“Hey, haters gonna hate you every time.”
– Uncle Si, Duck Dynasty
“The fault-finder will find faults even in paradise.”
– Henry David Thoreau, Walden
What do the Duck Dynasty guys have in common with Transcendental philosophers Ralph Waldo Emerson and Henry David Thoreau? Apparently, quite a bit. Both sets of men believed in writing their own rules, celebrated the benefits of time spent in nature, and suspiciously eyed any enterprise that required new clothes or fancy manners.
Regardless of how you feel about the Robertson clan, the popular A&E cable T.V. show provides a great opportunity to hook your students’ interest and pull them into a deeper study of Transcendentalism. Use this challenging exercise where students examine lines from the show and match them with similar sentiments from the writings of Emerson and Thoreau.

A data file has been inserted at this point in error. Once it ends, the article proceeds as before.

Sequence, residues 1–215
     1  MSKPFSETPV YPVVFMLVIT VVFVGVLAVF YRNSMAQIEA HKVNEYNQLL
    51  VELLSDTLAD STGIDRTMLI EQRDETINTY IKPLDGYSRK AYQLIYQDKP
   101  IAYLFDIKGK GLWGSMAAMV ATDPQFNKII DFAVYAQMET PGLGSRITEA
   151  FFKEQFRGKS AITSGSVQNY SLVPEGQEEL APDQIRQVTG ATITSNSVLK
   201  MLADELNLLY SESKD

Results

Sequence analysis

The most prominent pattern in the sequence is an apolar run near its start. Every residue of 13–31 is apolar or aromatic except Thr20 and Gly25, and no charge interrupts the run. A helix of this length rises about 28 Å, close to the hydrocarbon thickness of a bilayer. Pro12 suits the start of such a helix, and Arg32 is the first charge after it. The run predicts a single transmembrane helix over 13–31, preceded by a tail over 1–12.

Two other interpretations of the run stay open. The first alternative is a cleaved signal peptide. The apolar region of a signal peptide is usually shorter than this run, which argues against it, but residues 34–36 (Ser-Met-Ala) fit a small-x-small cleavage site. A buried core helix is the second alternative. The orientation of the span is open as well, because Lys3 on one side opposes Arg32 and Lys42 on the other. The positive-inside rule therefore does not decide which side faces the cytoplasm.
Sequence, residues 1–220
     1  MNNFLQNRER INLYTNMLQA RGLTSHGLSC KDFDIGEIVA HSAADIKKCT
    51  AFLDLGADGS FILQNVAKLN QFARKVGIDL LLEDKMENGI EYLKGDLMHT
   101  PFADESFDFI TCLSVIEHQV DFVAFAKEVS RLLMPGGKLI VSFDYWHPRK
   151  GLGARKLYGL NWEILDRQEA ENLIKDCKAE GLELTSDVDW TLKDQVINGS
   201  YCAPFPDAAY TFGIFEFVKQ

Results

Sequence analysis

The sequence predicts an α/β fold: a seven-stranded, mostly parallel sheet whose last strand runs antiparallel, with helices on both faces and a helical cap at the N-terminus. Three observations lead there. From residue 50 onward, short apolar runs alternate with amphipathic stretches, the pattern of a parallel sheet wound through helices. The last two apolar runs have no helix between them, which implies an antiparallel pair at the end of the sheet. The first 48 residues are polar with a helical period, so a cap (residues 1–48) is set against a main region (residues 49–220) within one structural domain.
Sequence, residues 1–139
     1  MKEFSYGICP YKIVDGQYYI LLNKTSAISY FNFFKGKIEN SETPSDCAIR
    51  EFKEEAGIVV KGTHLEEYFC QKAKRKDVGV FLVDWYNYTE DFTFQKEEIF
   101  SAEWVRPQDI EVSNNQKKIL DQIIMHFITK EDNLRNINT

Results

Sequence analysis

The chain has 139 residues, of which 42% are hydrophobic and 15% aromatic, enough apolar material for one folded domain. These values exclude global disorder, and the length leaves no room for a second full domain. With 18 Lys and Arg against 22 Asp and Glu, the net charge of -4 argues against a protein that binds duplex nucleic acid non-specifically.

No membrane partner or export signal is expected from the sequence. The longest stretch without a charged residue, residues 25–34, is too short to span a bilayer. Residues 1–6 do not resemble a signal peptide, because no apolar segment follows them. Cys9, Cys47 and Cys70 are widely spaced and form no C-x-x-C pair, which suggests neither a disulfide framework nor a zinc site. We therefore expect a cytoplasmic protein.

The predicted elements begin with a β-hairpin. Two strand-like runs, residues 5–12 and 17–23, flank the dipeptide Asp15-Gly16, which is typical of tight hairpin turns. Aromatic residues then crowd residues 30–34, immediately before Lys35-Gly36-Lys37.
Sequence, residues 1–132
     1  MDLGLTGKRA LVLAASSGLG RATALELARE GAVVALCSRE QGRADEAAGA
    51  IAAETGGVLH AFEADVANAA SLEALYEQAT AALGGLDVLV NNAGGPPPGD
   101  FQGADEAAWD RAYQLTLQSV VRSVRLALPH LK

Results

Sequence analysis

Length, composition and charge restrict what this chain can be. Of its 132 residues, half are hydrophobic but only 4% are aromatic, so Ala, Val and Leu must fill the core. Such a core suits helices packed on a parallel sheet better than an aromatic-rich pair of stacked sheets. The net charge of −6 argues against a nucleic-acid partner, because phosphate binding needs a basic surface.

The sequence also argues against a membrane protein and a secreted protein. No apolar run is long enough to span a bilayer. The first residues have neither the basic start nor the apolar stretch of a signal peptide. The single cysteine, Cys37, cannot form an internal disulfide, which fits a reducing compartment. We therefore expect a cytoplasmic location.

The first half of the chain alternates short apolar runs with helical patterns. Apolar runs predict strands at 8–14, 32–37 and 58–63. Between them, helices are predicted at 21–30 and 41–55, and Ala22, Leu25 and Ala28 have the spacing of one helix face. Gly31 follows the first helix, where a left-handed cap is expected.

Looking for a larger assignment to help your students find examples of Transcendentalism in today’s pop culture? Encourage them to find echoes of Emerson and Thoreau in their favorite T.V. shows, movies, and music. Click here to see this end-of-unit assignment, which has led my former students to successfully link works by Lady Gaga, Imagine Dragons, and the film Avatar to the tenets of Transcendentalism.
Your classes will soon discover that Emerson’s words in “Self-Reliance” fit so many of today’s non-conformists:
“Is it so bad then to be misunderstood? Pythagoras was misunderstood, and Socrates, and Jesus, and Luther, and Copernicus, and Galileo, and Newton, and every pure and wise spirit that ever took flesh. To be great is to be misunderstood.” Well said, Mr. Emerson.